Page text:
“You care for nothing but shooting, dogs and rat-catching, and you will be a disgrace to yourself and all your family.”
These are clearly not the words of a doting parent nor were they possibly encouraging to a budding scholar and scientist. They are, however, the rantings of Charles Darwin’s father.
Charles Darwin’s beginnings might not be described as humble (being the son of a wealthy, and clearly demanding, English doctor); his accomplishments are impressive nevertheless. This week (Feb. 12 to be exact), we celebrate the birth of this scientist, naturalist and all-around overachiever.
As a child, young Charles was pushed toward a career in medicine. It was assumed that he wouldbe willing and able to follow in the footsteps of his father and grandfatherinto this respectable family vocation. As he grew up and furthered his studies, however, it became clear that he would not become a successful physician because he was unable to stomach cadaver dis sections or even be present during surgeries.
Darwin’s father was disgusted in his fifth son, though he did relent and let Charles join the voyage of the HMS Beagle on what came to be a very important trip. Perhaps in a later answer to his disapproving father, Darwin observed that, “Doing what little one can to increase the general stock of knowledge is as respectable an object of life, as one can in any likelihood pursue.”
No matter his father’s displeasure, Charles Darwin went on to lead an accomplished life of inquiry, discovery and scholarly study, writing and developing one of the most important tenets of science: the theory of evolution.
He published many books, traveled worldwide and undertook extensive study of individual organisms and their collective populations. He both shared his studies with the world and applied them to his own life.
Though Darwin knew much of breeding and genetics, titling one chapter of his book The Variation of Animals and Plants under Domestication, “On the Good Effects of Crossing, and on the Evil Effects of Close Interbreeding,” he still chose to marry his cousin, Emma Wedgewood. All his life, Charles fretted over the effects of this decision, wondering if he and Emma “hadn’t passed constitutional weaknesses along to their children.”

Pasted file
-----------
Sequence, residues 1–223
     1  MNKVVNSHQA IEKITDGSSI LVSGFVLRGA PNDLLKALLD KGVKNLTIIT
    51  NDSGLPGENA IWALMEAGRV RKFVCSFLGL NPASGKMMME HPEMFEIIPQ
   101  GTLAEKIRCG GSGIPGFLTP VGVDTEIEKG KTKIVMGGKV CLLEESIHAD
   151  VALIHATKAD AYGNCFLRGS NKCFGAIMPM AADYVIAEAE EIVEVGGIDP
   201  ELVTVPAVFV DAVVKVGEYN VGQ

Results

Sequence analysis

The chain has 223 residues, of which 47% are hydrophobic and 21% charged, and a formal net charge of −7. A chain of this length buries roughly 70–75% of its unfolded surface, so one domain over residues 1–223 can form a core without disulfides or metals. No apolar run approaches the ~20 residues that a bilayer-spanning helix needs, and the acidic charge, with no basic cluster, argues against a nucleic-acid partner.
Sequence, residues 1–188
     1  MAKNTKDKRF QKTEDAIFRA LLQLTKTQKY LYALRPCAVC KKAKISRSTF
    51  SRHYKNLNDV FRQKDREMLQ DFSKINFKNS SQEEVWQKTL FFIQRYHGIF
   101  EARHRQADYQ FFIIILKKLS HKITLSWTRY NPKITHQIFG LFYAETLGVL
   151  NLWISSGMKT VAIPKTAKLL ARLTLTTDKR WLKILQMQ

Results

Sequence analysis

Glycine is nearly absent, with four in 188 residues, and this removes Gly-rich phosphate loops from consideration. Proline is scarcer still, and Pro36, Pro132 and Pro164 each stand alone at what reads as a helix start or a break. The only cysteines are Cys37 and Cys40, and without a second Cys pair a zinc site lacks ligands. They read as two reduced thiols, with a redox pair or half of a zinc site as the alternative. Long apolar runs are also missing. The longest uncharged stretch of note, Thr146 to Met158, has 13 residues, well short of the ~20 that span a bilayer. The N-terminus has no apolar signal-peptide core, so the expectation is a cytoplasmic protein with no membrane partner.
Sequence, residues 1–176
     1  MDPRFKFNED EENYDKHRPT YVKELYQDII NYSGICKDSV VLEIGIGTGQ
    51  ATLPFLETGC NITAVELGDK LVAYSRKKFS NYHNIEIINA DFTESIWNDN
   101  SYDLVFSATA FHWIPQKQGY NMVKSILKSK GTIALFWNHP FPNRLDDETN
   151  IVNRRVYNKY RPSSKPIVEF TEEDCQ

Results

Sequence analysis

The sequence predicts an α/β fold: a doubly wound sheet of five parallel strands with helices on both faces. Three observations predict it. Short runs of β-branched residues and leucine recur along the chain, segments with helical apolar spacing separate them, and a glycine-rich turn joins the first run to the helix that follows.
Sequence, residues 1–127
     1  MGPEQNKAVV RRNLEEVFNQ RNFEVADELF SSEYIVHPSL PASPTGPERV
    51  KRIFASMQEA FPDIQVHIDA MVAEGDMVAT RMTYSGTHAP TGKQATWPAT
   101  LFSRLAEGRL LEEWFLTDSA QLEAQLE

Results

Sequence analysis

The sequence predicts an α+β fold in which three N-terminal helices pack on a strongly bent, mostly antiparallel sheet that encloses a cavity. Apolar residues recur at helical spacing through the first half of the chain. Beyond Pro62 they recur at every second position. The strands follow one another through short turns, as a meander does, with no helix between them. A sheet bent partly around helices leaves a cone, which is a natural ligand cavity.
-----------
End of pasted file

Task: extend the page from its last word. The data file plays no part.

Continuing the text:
On the week of his “origins,” it is interesting to consider how far we have come accepting and then rejecting his ideas. A few recent studies have found major changes in Americans’ acceptance of evolution and its place in our public schools. Highlights of studies reported in Science and National Geographic show that only about 14 per cent of Americans think that evolution is “definitely true.” A full 33 per cent of us completely reject the theory of evolution, calling it “absolutely false.” In our schools, its teaching simply hasn’t evolved. In another educator’s study, 13 per cent of teachers “strongly support” teaching creationism.
It is not surprising that we have become a nation of nonbelievers. The United States ranks 34th out of 35 developed countries on public acceptance of evolution. Only Turkey has more doubters. Most Europeans won’t be made a monkey out of, and claim an acceptance rate of evolution at 80 per cent.
Many groups undermine the teaching of evolution and provoke controversy and doubt about the origin of species. Stephen Jay Gould, one of the best writers about Darwin and evolution, wrote, “Why has Darwin been so hard to grasp? Within a decade, he convinced the thinking world that evolution had occurred, but his own theory of natural selection never achieved much popularity during his lifetime. It did not prevail until the 1940s, and even today, though it forms the core of our evolutionary theory, it is widely misunderstood, misquoted and misapplied.”
As was his way, Darwin had an answer for those doubters: “Ignorance more frequently begets confidence than does knowledge: it is those who know little, not those who know much, who so positively assert that this or that problem will never be solved by science.”
Suzan Bellincampi is director of the Felix Neck Wildlife Sanctuary in Edgartown.